This action forced Oglethorpe to abandon the siege and withdraw back to Georgia.

Anson's Cruise

Though the Royal Navy was focusing on home defense, a squadron was formed in late 1740, under Commodore George Anson to raid Spanish possessions in the Pacific. Departing on September 18, 1740, Anson's squadron encountered severe weather and was plagued by disease. Reduced to his flagship, HMS Centurion (60 guns), Anson reached Macau where he was able to refit and rest his crew. Cruising off the Philippines, he encountered the treasure galleon Nuestra Señora de Covadonga on June 20, 1743. Overhauling the Spanish vessel, Centurion captured it after a brief fight. Completing a circumnavigation of the globe, Anson returned home a hero.

Cartagena

Encouraged by Vernon's success against Porto Bello in 1739, efforts were made in 1741 to mount a larger expedition in Caribbean. Assembling a force of over 180 ships and 30,000 men, Vernon planed to attack Cartagena. Arriving in early March 1741, Vernon's efforts to take the city were plagued by a lack of supplies, personal rivalries, and rampaging disease. Endeavoring to defeat the Spanish, Vernon was forced to withdraw after sixty-seven days which saw around a third of his force lost to enemy fire and disease. News of the defeat ultimately led to Walpole leaving office and being replaced by Lord Wilmington. More interested in pursuing campaigns in the Mediterranean, Wilmington began to wind down operations in the Americas.

Repulsed at Cartagena, Vernon attempted to take Santiago de Cuba and landed his ground forces at Guantánamo Bay.

Advancing against their objective, the British were soon bogged down by disease and fatigue. Though the British attempted to continue the invasion, they were forced to abandon the operation when they met heavier than anticipated opposition. In the Mediterranean, Vice Admiral Haddock worked to blockade the Spanish coast and though he took several valuable prizes, was unable to bring the Spanish fleet to action. British pride at sea was also marred by the damage inflicted by Spanish privateers which attacked unescorted merchantmen around the Atlantic.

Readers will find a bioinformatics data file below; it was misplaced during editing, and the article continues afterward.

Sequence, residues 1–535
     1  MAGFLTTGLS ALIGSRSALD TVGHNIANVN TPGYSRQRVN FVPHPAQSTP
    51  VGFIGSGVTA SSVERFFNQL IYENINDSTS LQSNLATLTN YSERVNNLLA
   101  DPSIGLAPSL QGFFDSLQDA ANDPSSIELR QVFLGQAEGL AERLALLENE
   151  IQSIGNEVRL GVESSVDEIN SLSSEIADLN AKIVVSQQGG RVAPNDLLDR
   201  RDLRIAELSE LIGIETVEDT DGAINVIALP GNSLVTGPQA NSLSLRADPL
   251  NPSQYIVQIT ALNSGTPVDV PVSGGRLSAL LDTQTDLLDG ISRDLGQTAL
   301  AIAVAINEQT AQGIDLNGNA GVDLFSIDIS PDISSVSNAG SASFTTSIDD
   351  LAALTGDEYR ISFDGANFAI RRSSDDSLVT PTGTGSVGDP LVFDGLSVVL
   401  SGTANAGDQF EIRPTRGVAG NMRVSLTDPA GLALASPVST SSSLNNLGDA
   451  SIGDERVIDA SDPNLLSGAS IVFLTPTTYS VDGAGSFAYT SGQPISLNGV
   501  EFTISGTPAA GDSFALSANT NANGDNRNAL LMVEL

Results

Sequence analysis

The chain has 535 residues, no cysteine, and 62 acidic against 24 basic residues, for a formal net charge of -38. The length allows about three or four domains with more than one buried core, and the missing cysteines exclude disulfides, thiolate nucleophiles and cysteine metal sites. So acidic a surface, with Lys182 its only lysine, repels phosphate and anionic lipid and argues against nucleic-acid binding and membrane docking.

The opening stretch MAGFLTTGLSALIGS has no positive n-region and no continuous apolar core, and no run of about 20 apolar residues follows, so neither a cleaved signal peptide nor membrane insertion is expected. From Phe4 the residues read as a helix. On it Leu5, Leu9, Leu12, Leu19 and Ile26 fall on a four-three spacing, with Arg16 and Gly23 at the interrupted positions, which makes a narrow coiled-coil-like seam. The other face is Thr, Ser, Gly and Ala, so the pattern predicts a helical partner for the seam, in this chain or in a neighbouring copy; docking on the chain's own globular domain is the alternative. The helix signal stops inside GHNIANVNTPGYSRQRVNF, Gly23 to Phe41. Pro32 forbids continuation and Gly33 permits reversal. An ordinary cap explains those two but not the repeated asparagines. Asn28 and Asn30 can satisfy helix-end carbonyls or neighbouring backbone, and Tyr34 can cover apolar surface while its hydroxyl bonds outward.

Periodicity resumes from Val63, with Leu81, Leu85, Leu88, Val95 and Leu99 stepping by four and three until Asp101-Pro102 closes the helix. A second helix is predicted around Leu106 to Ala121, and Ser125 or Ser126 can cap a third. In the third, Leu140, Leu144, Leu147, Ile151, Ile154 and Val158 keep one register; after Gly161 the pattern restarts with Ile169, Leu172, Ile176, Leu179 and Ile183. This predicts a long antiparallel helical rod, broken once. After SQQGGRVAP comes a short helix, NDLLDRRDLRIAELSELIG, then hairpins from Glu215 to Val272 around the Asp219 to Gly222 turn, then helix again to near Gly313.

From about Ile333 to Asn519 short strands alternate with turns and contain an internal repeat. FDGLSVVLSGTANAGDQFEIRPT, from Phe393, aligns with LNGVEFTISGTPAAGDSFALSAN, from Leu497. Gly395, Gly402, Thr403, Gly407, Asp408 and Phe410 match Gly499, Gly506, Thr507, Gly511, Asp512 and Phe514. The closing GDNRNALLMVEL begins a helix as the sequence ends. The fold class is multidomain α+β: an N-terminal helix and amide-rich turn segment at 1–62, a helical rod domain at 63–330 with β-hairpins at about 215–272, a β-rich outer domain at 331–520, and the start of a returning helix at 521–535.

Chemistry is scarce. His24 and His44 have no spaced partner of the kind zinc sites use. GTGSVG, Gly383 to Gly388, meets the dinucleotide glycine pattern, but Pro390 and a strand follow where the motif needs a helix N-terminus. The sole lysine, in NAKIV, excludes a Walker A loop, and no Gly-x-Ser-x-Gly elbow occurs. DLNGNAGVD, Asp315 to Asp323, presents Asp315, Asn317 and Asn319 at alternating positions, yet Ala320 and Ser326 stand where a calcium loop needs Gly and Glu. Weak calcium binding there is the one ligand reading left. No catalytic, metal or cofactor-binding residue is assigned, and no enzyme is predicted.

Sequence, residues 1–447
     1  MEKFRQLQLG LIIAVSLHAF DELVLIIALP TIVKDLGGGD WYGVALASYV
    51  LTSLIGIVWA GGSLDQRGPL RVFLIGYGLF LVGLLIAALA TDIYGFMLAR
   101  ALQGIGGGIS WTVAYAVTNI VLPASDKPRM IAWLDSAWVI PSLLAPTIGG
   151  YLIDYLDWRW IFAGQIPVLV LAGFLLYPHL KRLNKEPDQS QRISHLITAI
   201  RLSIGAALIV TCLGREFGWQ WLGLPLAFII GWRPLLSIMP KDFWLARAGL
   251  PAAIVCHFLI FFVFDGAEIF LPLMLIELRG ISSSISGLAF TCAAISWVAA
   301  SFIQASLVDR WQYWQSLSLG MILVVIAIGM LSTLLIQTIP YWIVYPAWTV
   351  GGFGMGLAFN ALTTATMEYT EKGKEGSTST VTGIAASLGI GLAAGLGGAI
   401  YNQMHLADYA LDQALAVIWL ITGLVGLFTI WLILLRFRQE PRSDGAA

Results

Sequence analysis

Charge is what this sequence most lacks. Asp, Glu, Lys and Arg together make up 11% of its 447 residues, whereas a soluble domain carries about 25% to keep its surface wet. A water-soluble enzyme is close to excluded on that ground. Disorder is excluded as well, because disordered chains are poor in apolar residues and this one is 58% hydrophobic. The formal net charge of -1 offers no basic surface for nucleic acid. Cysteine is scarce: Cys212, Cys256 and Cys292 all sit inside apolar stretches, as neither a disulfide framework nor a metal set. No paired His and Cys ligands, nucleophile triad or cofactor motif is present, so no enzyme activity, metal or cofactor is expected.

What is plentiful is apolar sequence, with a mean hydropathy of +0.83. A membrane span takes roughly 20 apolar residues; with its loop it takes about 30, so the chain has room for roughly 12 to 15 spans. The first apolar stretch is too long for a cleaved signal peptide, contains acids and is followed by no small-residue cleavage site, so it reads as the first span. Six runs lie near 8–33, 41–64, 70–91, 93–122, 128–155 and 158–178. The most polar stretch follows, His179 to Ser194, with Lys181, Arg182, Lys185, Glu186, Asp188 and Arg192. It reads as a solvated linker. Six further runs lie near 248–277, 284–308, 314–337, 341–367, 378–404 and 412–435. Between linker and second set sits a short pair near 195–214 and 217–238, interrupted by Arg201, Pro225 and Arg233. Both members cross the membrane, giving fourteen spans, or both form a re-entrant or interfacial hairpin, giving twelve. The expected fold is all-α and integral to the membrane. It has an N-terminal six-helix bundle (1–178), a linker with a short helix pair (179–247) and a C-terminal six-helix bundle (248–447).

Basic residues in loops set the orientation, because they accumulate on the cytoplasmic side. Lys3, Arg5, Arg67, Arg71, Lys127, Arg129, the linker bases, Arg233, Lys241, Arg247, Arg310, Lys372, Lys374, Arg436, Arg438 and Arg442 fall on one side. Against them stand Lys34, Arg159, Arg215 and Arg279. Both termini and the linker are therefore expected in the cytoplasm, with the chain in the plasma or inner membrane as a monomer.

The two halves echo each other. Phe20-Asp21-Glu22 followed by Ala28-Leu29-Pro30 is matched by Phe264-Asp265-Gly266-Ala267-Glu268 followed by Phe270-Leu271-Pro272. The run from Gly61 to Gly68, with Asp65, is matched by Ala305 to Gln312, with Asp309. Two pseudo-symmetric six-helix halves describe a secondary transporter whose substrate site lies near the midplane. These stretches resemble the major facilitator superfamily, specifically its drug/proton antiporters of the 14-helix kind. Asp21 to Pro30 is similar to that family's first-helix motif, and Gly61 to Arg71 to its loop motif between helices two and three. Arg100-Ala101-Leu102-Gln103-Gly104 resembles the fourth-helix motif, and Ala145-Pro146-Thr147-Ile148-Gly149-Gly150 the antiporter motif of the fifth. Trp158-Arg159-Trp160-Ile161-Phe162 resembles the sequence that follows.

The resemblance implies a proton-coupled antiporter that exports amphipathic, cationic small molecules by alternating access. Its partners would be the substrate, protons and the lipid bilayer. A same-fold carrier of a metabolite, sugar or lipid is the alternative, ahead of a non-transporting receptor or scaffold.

Georgia

In Georgia, Oglethorpe remained in command of the colony's military forces despite his earlier failure at St. Augustine. In the summer of 1742, Governor Manuel de Montiano of Florida advanced north and landed on St. Simons Island. Moving to meet this threat, Oglethorpe's forces won the Battles of Bloody Marsh and Gully Hole Creek which compelled Montiano to retreat back to Florida.

Absorption into the War of the Austrian Succession

While Britain and Spain were engaged in the War of Jenkins' Ear, the War of the Austrian Succession had broken out in Europe. Soon drawn into the larger conflict, the war between Britain and Spain was subsumed by mid-1742. While the bulk of the fighting occurred in Europe, the French fortress at Louisbourg, Nova Scotia was captured by New England colonists in 1745.

The War of the Austrian Succession came to an end in 1748 with the Treaty of Aix-la-Chapelle. While the settlement dealt with the issues of the wider conflict, it did little to specifically address the causes of the 1739 war.

Meeting two years later, the British and Spanish concluded the Treaty of Madrid. In this document, Spain bought back the asiento for £100,000 while agreeing to allow Britain to trade freely in its colonies.

Selected Sources

 

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Hickman, Kennedy. "War of Jenkins' Ear: Prelude to a Greater Conflict." ThoughtCo, Jun. 14, 2017, thoughtco.com/war-of-jenkins-ear-2360791. Hickman, Kennedy. (2017, June 14). War of Jenkins' Ear: Prelude to a Greater Conflict. Retrieved from https://www.thoughtco.com/war-of-jenkins-ear-2360791 Hickman, Kennedy. "War of Jenkins' Ear: Prelude to a Greater Conflict." ThoughtCo. https://www.thoughtco.com/war-of-jenkins-ear-2360791 (accessed January 19, 2018).